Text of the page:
reading-ireland-month_2017Hooray! It’s time for the Reading Ireland Month 2017 challenge hosted by 746 Books and Raging Fluff. I really enjoy this challenge since it pushes me to read new authors and it’s wonderfully laid back without frantic check-ins or that horrible sense of “falling behind.” Blogging is supposed to be fun, right? 😛 If you’d like to join in, take a look at Cathy’s announcement on 746 Books for more information and an enticing list of Irish authors.

Since 2017 is the year of Planning Ahead, I started early with my reading and lined up a bunch of posts for the month. Last year I was a little slow on the reading/reviewing, so this list includes some from last year that I finally read.

March 3: Gulliver’s Travels by Jonathan Swift

gullivers travels_cover

Shipwrecked and cast adrift, Lemuel Gulliver wakes to find himself on Lilliput, an island inhabited by little people, whose height makes their quarrels over fashion and fame seem ridiculous. His subsequent encounters – with the crude giants of Brobdingnag, the philosophical Houyhnhnms and the brutish Yahoos – give Gulliver new, bitter insights into human behaviour. Swift’s savage satire view mankind in a distorted hall of mirrors as a diminished, magnified and finally bestial species, presenting us with an uncompromising reflection of ourselves. (Goodreads)

All books read for homework back in the day are so much better now. Sure, I assign myself reviews (read: Book Reports), but they’re far more relaxed than term papers and the feedback is friendlier.


March 6: The Picture of Dorian Gray by Oscar Wilde

picture of dorian gray_cover

Combining elements of the Gothic horror novel and decadent French fiction, the book centers on a striking premise: As Dorian Gray sinks into a life of crime and gross sensuality, his body retains perfect youth and vigor while his recently painted portrait grows day by day into a hideous record of evil, which he must keep hidden from the world. For over a century, this mesmerizing tale of horror and suspense has enjoyed wide popularity. It ranks as one of Wilde’s most important creations and among the classic achievements of its kind. (Amazon)

From last year’s list to this year’s. The only reason I have for my procrastination is that I forgot how good this book is. I read a kid’s version a long, long time ago, but the “grown-up” unabridged version is far better. (No surprise there, but I did miss the illustrations.)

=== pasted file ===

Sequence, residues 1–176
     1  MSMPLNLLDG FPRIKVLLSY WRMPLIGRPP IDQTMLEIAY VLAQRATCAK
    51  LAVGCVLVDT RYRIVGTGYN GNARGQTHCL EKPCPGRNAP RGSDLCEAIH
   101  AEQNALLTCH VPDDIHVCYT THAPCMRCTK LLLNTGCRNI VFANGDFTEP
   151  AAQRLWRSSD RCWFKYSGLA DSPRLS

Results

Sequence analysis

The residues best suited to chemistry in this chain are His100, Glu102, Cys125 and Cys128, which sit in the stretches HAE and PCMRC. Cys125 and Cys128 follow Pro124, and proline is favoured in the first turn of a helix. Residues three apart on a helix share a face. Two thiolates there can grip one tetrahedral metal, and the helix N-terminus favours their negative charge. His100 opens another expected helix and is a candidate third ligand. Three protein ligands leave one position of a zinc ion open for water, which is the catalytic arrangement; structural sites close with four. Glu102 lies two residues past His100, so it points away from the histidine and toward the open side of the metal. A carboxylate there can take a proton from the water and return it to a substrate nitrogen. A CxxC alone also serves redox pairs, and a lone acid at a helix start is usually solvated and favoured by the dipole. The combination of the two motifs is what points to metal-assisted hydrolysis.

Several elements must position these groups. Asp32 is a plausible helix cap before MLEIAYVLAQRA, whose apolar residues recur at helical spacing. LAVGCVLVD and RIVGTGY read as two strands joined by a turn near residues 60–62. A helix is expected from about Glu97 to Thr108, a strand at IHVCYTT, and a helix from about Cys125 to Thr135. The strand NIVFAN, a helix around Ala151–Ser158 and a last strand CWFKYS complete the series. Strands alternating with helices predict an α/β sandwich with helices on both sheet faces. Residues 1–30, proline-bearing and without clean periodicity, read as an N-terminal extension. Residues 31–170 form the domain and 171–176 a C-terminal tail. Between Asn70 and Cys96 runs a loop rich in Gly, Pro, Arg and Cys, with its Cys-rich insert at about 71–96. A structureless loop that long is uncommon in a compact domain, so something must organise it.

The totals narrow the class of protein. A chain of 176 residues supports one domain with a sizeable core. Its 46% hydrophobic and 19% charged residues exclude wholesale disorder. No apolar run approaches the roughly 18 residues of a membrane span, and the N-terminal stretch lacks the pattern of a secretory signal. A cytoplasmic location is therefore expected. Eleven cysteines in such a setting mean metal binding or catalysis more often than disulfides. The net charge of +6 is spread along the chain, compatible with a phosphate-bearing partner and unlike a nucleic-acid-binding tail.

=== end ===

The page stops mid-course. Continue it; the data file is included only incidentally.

March 9: The Gathering by Anne Enright


The nine surviving children of the Hegarty clan are gathering in Dublin for the wake of their wayward brother, Liam, drowned in the sea. His sister, Veronica, collects the body and keeps the dead man company, guarding the secret she shares with him—something that happened in their grandmother’s house in the winter of 1968. As Enright traces the line of betrayal and redemption through three generations, she shows how memories warp and secrets fester. As in all Enright’s work, her distinctive intelligence twists the world a fraction, and gives it back to us in a new and unforgettable light. (back cover)

At some point, I’m going to set up a page for the Man Booker Prize and commit to reading them all. It hasn’t been around nearly so long as the Pulitzer so it’s one of those “attainable” reading goals. In the meantime, the first half of this book is beautifully written in spite of how painful the writing is in a few places. Some passages sound as though she worked so hard to be different/profound that she came up with bizarre or unintentionally silly phrasing. I’m still trying to work “genital grief” into conversations and it’s going as well as you’d imagine. Plus, there is a line about sex that beats the strange armpit-biting thing from The Narrow Road to the Deep North.